Creating Paradigm Shifts in Teaching and Assessing Law

The University of Hong Kong, Hong Kong

The University of Hong Kong, Hong Kong


Increasing calls on universities to show greater accountability and development of student skills have made universities rethink educational practices, including adopting outcomes-based and authentic learning approaches. While some disciplines find it less difficult to adopt change in their teaching-learning-assessing methodologies, disciplines having longer-established teaching-practice traditions, such as case-based teaching in law, find changing methods challenging and requiring substantially more persuasive lobbying. Changeover in paradigms then needs to overcome both student and staff resistance. Students need to transit from secondary education practices specially in learning and assessment, and teachers from stubbornly-held, long teaching traditions. We showcase questionnaire-survey and interview data from University of Hong Kong students in a tort law course with radically changed teaching and assessment methods, to show that paradigm shifts in learning and assessment became agreeable, even to first year students following large classes (n >100), when teaching and assessment changes occurred in a clearly enunciated, prior-announced, transparent ways and with real-time feedback, that showcased to students the professional long-term skill benefits of changed practices.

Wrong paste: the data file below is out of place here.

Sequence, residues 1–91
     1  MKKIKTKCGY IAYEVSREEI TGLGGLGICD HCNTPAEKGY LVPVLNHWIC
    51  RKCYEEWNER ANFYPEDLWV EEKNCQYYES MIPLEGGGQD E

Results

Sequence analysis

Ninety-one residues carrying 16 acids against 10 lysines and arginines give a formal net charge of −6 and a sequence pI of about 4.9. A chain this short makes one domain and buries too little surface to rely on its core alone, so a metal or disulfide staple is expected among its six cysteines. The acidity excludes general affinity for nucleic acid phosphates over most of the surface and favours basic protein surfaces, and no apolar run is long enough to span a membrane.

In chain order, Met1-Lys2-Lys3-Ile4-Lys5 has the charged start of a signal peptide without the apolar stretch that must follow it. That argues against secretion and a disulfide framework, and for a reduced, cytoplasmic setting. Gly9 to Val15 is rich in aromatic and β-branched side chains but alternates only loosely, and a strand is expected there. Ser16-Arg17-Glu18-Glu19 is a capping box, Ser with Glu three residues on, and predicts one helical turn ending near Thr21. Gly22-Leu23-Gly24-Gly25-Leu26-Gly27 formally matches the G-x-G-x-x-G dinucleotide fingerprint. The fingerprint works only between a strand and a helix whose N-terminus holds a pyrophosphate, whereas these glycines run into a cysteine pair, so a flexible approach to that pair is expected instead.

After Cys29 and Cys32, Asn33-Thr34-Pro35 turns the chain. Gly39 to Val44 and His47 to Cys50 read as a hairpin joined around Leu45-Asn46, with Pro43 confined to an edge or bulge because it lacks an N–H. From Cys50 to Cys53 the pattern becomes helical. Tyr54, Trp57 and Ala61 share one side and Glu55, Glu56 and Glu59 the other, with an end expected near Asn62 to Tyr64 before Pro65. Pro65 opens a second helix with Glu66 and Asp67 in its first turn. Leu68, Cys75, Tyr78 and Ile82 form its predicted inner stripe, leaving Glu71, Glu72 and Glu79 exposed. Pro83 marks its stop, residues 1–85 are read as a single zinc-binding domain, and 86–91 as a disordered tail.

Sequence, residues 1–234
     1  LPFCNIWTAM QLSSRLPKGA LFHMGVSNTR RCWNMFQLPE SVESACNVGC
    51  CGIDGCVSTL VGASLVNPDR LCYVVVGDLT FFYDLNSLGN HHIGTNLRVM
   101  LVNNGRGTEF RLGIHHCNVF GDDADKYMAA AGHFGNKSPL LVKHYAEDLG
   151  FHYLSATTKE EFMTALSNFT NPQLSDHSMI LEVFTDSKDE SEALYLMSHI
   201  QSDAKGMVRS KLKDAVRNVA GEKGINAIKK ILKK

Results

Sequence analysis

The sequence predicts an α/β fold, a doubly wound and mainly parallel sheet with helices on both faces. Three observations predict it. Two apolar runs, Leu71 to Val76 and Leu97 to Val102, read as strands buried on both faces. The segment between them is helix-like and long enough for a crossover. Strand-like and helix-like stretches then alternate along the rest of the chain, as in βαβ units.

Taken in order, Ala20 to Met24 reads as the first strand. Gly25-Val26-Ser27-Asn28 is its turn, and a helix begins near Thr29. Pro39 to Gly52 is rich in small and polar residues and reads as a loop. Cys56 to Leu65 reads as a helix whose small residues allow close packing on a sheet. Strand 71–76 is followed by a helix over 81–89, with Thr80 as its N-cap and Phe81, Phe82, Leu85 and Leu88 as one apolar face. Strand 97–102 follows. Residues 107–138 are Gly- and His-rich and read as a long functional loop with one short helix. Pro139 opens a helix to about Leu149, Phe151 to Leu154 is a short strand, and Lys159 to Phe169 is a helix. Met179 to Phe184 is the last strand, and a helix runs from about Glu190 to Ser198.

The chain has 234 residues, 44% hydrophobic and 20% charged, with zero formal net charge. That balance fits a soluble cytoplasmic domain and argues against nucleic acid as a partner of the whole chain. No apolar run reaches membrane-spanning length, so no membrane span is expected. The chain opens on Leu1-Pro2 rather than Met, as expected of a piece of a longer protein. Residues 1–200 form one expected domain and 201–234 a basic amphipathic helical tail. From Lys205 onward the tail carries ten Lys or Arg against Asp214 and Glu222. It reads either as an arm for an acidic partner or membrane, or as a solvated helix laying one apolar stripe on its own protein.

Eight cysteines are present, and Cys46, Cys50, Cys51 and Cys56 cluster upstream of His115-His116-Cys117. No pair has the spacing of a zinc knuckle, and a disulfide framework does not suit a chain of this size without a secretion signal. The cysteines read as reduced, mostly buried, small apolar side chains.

We also showcase learning and assessment changes that were radical from both student and law teaching viewpoints. For students at entry level, this was their first learning and assessment experiences in the use of self-discovered authentic incidents to independently apply and build analytical legal-reasoning and writing skills at higher cognitive levels on the taxonomies of SOLO and Perry's intellectual development (at relational and relativist levels, respectively). For law teaching, the methods deviated radically from traditional case-based didactic teaching and unseen summative assessment.

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